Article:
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HUD Archives: News Releases

HUD No. 02-122
Lemar Wooley
(202) 708-0685

For Release
October 23, 2002

Ginnie Mae will cover mortgage interest shortfall for military called to duty anywhere

WASHINGTON - Housing and Urban Development Secretary Mel Martinez announced today that Ginnie Mae, Government National Mortgage Association, the nation's guarantor of mortgage backed securities will immediately implement a policy change that will save its lenders who supported American military members following Sept 11, approximately $6 million.

Ginnie Mae is lowering lending and processing costs for its issuers by expanding its reimbursement policy under the Soldiers' and Sailors' Civil Relief Act to include all Reservists and National Guard called to active duty.

"Today's change is a prime example of how Ginnie Mae is working to meet the needs of lenders, while staying true to our mission to provide more Americans with affordable housing opportunities," Martinez said.

Effective immediately, Ginnie Mae will reimburse its mortgage lenders for the interest shortfall for Reservists and National Guard personnel called to active duty anywhere-domestically or abroad-saving lenders an estimated $6 million annually in lost interest.

"This change will allow issuers to be reimbursed for more of the interest shortfalls that they have traditionally had to absorb," explained Martinez. "Just as important, Ginnie Mae will be helping the issuer community support our men and women in uniform-whether they are here at home or abroad."

The Soldiers' and Sailors' Civil Relief Act of 1940 requires all lenders to limit the rate of interest paid on mortgage debt to 6 percent for any military personnel called to active duty.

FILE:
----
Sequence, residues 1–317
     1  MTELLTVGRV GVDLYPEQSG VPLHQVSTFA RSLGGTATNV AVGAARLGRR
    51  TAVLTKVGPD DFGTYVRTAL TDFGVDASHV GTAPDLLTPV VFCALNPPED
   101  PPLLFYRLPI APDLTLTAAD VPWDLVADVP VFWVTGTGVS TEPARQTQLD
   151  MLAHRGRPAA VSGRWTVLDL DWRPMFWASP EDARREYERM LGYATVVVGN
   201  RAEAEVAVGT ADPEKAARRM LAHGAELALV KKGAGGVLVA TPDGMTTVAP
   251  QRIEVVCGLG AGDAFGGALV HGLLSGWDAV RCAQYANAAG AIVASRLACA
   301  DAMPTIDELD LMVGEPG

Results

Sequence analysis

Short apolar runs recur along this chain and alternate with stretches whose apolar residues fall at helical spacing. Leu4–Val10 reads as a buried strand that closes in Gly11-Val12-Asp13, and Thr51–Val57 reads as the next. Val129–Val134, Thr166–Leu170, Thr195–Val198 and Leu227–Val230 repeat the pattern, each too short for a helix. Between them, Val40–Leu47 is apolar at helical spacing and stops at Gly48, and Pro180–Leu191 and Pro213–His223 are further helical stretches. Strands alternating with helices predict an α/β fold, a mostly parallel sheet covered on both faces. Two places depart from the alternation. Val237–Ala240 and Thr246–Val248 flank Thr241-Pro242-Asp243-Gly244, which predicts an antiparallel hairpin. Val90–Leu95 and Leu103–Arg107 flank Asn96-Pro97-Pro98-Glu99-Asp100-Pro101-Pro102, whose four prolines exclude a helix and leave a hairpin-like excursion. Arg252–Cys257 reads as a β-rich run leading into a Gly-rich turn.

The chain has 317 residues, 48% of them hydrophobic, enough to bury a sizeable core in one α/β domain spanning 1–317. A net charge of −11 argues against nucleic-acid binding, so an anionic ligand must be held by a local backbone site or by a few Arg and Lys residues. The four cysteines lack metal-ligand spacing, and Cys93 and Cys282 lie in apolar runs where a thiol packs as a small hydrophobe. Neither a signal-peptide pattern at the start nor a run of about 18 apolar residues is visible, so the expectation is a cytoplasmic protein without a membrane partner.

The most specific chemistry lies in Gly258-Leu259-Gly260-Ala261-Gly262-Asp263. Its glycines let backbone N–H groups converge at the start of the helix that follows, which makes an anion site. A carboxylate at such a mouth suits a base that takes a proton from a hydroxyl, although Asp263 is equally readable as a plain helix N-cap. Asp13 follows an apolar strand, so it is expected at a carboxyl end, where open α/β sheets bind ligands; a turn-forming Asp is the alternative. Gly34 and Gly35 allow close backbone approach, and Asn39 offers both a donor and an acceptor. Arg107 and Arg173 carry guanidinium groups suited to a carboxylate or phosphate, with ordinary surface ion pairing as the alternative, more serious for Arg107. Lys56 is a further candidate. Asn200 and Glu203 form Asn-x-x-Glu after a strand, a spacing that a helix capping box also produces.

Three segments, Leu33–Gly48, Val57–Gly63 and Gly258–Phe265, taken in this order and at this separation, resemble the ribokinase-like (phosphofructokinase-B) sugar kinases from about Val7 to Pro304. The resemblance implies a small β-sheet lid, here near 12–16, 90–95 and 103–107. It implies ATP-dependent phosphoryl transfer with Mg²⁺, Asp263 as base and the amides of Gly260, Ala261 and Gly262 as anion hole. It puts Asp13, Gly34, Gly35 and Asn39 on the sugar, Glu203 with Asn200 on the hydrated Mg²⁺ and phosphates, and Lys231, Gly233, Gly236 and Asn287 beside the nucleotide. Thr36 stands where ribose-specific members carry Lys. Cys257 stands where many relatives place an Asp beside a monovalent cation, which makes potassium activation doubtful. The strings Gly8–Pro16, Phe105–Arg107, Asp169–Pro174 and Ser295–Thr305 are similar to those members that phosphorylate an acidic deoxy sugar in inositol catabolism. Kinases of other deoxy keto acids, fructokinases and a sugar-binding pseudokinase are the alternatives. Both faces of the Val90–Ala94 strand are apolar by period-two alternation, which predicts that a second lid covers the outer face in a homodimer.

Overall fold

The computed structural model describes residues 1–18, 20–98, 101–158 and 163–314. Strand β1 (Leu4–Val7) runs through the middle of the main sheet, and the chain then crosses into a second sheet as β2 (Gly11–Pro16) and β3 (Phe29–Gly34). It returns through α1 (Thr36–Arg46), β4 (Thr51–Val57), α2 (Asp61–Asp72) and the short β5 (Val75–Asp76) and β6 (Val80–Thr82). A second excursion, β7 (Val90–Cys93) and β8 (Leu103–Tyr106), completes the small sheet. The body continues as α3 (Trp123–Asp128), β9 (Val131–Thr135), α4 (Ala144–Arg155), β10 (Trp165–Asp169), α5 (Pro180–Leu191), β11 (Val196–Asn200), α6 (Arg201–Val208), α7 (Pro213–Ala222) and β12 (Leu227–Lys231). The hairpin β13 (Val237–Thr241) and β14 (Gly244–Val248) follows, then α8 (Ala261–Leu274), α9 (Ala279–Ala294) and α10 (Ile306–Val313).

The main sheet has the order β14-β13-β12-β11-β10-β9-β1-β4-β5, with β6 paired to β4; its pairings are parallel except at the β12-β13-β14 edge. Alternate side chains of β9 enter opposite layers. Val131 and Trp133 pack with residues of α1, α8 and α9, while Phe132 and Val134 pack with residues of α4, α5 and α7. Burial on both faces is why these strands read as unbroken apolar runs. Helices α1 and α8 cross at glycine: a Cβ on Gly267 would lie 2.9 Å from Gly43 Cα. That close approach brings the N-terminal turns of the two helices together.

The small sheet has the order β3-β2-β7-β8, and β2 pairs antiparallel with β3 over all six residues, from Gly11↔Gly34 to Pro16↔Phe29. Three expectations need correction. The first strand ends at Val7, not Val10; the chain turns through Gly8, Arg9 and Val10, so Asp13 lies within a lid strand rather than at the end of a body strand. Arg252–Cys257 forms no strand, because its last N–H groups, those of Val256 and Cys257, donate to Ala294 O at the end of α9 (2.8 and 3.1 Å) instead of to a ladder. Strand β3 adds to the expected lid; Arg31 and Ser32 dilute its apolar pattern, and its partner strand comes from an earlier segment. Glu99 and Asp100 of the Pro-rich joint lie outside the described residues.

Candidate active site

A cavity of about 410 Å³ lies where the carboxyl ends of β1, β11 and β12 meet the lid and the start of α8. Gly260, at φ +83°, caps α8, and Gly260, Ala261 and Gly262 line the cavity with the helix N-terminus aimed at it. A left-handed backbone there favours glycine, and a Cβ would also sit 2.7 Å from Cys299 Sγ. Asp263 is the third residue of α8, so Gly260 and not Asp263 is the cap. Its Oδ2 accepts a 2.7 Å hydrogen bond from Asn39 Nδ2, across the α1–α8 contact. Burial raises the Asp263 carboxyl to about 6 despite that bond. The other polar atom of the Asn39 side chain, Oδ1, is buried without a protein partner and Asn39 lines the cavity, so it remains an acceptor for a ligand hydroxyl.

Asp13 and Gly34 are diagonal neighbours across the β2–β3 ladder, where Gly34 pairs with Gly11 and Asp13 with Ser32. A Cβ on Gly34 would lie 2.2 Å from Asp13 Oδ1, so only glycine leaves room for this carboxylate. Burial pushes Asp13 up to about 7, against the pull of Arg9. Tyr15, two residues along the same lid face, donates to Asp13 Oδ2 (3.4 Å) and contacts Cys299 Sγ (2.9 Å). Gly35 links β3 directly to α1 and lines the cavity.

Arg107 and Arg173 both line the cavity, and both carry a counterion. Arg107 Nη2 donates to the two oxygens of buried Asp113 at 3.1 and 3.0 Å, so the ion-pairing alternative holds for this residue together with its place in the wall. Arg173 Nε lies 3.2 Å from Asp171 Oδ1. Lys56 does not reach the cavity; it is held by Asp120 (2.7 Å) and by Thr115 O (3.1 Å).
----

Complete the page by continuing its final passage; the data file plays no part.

When a homeowner is called to active military duty the lender must absorb the difference between 6 percent and the borrower's contract interest rate.

Previously, Ginnie Mae reimbursed issuers for the interest shortfall only when the borrower was called to active duty in specified areas such as Bosnia, Kosovo or Southwest Asia, as well as Afghanistan and other areas within Operation Enduring Freedom.

In honor of our nation's military, Ginnie Mae has made this policy change retroactive to September 11, 2001.

Created in 1968, Ginnie Mae, pioneered mortgage backed securities in 1970. Today, Ginnie Mae is the only guarantor of mortgage-backed securities backed by the full faith and credit of the United States government.

HUD is the nation's housing agency committed to increasing homeownership, particularly among minorities, creating affordable housing opportunities for low-income Americans, supporting the homeless, elderly, people with disabilities and people living with AIDS. The Department also promotes economic and community development as well as enforces the nation's fair housing laws. More information about HUD and its programs is available on the Internet.



Content Archived: April 9, 2010

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